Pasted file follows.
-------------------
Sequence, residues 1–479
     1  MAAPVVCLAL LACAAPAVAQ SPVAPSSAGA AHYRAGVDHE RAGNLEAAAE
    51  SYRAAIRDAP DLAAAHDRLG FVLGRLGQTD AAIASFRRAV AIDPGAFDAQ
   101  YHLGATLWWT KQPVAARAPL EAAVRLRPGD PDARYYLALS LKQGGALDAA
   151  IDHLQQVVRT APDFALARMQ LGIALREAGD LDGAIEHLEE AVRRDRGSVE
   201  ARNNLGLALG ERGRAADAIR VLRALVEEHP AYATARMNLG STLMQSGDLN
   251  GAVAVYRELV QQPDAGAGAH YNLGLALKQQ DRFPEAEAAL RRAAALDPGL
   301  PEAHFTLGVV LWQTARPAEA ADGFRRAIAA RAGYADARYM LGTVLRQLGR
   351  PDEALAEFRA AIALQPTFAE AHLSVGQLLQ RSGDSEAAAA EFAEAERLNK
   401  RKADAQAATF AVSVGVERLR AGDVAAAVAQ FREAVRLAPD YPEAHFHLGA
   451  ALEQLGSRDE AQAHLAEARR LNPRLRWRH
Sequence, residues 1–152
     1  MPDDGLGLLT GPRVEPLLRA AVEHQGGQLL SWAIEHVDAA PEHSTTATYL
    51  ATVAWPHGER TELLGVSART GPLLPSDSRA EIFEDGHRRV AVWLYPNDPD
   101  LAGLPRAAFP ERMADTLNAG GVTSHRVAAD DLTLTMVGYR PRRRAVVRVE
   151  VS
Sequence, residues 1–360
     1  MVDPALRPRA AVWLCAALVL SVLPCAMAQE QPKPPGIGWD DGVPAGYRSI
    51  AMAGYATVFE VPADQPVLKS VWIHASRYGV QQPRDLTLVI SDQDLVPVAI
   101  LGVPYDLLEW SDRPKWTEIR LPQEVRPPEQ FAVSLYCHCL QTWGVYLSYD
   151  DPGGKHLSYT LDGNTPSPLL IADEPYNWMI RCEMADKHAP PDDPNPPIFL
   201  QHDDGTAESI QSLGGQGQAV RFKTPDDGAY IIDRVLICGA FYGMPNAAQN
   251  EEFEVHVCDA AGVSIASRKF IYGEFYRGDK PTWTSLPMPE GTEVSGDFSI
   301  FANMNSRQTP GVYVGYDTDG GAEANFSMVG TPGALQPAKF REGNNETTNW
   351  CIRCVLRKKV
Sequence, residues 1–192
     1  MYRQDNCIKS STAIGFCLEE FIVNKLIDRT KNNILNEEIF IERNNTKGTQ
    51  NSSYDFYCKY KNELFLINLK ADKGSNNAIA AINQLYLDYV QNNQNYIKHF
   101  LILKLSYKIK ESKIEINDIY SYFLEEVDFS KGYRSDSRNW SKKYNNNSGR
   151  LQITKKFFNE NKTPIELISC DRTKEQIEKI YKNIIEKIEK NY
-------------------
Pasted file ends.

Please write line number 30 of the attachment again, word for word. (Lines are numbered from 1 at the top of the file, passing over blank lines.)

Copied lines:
   151  LQITKKFFNE NKTPIELISC DRTKEQIEKI YKNIIEKIEK NY